I was always that girl, pining away in a corner wondering if the guy I loved would ever love me back in return. While friends easily flirted their way into guy’s affections I was awkward and found it hard to be around guys that I liked. I was that girl with a best friend who was dating the guy I liked, for a year I was trapped in someone else’s shadow and with every kiss that I saw my heart shrunk a little more. I was that girl who would write poems and stories, blessing each word with a memory of a lost love. I was always so shy growing up, choosing not to tell guys when I liked them because they were always the wrong guys, they were too popular, too perfect, too good looking for me. At least that is what my inner demons used to say to me and the bullies certainly agreed, taunting me because my hair was too curly, my skin too dark, I was an ‘ugly changeling’ they said.
I suppose that if I was to counsel myself I would say that the reason I was so afraid to tell people how I feel was because all my life I had been rejected and I didn’t want to add what I thought were more personal failures to my list. I was never popular per say with guys, I wasn’t bland enough and definitely not considered cool. I never tried to pretend that I was someone I was not and yet at times I thought I was playing the part of another person, who was more confident and more attractive than I knew myself to be. Except that masquerade always came crashing down and the more I was put down the worse I felt about myself.
The first true crush I had was in Year Seven, a popular good looking guy who all the girls were after. He was nice to me and for one foolish moment I thought that he might like me back. I was wrong of course and as I plucked up the courage to tell him he burned me badly. He told me that he only spoke to me because I was smart and thus he could copy test answers off me, he only made conversation with me so he could get with my more attractive busty friends and to add further insult to the injury he stated that he would not touch me with an 8ft barge pool because I was the most ugly girl he had ever seen. I was heartbroken and as I started crying my so called friends started chanting that I was a ‘crybaby’ and that I ‘looked even uglier when I cried’. That was not even the worst of it, kids would heckle me in the class because I had the audacity to like someone who was clearly out of my league and delightedly told me that there was no one in my league because I was at the bottom of the table.
Since then I kept my mouth shut and never told people about who I liked because I was scared I would get humiliated again. Throughout the years I went out with guys who would use me and because I knew no better I naively thought that was the norm. I have never known love in its truest form and I have never been in love. I have been treated like s**t time and time again that when it came to uni I had enough and didn’t want anything more to do with men romantically. So I took a vacation from dating and while I have liked people over the years again I never told them because I didn’t want to receive an answer that would make my heart break.
I remember in year 9 I was in love with another popular guy; tall, blonde and comedic he was my type in a nutshell. One day in a game of truth or dare it slipped out to my two closest friends at the time that I liked this guy but as soon as I realized my mistake I begged them not to say anything. Of course they told everyone and all my so called friends dragged me to his table and proceeded to make a song and dance about how much I liked him. When they asked him if he liked me he replied ‘no why would I she isn’t even popular’? It reminded me that in my school we should all know our place and when it came to dating I should stick to people who were in my ‘dating pool’ and not engage with a more popular, exclusive society.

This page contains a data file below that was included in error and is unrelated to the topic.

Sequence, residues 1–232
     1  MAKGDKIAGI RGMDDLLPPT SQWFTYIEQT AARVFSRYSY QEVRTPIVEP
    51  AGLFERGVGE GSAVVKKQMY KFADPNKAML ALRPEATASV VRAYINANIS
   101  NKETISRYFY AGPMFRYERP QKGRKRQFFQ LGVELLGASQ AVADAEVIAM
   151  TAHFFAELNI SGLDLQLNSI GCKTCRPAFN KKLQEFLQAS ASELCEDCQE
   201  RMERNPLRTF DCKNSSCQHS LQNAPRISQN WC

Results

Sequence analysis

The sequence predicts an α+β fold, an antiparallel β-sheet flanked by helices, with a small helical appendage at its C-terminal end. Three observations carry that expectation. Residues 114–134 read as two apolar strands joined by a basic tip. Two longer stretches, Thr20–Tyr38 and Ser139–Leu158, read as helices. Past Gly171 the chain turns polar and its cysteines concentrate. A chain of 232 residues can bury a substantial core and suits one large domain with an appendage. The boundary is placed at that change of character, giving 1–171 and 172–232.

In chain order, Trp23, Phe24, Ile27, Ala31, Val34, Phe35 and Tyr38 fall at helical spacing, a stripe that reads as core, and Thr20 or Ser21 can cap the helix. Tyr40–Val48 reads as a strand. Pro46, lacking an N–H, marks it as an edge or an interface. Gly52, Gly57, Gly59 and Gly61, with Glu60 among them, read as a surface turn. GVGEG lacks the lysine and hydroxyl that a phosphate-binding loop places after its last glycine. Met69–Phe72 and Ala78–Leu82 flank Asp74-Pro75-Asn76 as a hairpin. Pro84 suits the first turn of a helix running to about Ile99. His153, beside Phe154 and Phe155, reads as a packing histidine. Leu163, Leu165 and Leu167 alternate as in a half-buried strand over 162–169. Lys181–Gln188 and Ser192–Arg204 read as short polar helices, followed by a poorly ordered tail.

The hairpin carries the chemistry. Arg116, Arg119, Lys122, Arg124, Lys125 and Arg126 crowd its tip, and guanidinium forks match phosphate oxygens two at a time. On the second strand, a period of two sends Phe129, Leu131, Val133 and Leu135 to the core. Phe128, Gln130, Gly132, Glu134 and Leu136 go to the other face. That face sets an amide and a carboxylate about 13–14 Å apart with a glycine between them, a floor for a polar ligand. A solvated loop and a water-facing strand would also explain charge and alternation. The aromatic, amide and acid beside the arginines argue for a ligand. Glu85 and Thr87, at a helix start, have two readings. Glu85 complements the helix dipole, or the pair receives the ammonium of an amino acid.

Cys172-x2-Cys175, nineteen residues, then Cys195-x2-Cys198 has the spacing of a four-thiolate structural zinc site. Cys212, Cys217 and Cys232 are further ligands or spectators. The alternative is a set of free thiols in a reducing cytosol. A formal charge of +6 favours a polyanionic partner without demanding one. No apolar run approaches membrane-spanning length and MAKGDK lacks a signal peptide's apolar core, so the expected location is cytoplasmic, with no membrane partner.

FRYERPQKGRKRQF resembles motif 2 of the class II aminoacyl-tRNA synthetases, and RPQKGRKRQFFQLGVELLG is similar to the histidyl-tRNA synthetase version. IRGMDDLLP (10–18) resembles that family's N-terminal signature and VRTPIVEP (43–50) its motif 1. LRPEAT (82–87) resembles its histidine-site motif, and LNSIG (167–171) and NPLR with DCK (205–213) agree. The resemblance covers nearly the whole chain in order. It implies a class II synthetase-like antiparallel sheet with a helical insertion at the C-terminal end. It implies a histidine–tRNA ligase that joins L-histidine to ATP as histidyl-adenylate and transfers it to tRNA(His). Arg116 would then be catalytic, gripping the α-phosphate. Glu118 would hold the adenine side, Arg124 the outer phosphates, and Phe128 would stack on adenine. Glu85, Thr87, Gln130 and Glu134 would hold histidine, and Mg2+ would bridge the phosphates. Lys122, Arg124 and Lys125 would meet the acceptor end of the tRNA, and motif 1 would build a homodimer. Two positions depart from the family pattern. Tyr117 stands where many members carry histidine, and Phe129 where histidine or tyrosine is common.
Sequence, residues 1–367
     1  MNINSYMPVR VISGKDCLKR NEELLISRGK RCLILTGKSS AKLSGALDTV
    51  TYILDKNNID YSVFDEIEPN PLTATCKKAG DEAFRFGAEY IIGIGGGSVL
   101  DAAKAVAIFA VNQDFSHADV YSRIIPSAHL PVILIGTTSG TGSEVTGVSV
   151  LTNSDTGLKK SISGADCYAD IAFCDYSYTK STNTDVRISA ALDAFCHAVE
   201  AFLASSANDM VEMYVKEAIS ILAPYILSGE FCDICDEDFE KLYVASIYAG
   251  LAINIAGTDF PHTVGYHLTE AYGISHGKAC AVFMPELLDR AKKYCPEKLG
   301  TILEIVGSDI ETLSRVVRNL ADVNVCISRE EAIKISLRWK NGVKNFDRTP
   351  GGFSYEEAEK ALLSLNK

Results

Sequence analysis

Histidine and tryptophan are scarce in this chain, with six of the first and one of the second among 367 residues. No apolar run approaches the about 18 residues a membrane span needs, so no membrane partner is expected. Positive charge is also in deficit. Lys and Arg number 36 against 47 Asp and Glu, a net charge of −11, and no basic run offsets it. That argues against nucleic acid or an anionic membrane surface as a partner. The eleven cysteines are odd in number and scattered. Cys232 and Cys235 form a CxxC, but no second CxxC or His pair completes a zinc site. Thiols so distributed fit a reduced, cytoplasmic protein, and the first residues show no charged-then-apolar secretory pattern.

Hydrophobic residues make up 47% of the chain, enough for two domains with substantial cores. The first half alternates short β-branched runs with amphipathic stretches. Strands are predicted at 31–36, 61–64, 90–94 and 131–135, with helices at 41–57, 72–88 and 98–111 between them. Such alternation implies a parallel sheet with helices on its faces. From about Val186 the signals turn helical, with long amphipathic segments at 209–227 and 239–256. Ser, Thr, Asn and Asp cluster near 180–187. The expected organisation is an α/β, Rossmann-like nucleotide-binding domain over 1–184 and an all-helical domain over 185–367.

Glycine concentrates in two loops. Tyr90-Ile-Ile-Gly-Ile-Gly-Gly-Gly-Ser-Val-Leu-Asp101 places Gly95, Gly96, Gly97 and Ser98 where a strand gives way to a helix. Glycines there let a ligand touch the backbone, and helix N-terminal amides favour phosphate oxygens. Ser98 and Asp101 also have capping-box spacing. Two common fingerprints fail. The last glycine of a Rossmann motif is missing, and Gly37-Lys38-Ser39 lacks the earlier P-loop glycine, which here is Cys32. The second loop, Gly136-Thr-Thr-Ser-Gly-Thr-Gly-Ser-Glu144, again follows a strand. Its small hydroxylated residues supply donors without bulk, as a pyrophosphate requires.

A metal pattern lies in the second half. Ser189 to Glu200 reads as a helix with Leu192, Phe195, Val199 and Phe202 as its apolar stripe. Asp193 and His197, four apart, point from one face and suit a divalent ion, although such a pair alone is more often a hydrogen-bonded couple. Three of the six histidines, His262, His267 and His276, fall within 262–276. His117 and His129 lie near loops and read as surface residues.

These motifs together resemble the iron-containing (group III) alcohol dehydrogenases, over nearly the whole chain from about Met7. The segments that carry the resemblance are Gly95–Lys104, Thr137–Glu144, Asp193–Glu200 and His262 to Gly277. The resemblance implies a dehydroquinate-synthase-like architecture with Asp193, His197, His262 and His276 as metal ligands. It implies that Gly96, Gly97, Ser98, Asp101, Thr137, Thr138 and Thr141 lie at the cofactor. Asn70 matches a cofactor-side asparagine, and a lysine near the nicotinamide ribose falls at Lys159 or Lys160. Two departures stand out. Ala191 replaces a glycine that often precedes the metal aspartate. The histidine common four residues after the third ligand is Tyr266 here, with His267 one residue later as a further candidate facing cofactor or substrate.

In Sixth Form another popular guy caught my attention; over the years I became more attracted to brunettes than blondes and he was tall, dark and handsome. Except he was also a complete arsehole and loved nothing better than calling me names and stalking my every move. I hated him at first but then a friend of mine told me that he liked me and of course the seed had planted. Suddenly despite his dickish ways I had fallen for him and as much as I hated myself for it I couldn’t help but feel infatuated. He was in my every waking thoughts and his poisonous words were like a drug to my senses. It was intoxicating and heady yet I hated myself for liking someone who A. clearly didn’t like me back and B. for liking someone out of my league.
Except what is the definition of a league, how could I know who I could and couldn’t date when the boundaries were so unclear? Now I like someone a lot and I don’t know what to do because I am scared I will get hurt again.I resisted the pull of the dating cult for so long, convincing myself that I would be happier on my own but secretly I yearned to know what real love felt like. What it felt like to have someone beside you who would do anything for you. They would bring you food when you are sick and treat you like a princess. They would make you laugh and you would cry together; you would be each other companions until the end of time. I see all these couples loved up and happy and sometimes I wish I was that girl who knew how to love. Is it sad that at 22 I have never been in love but had been in love with the idea of loving someone? I don’t know.
Have you ever been in love with someone who didn’t love you back?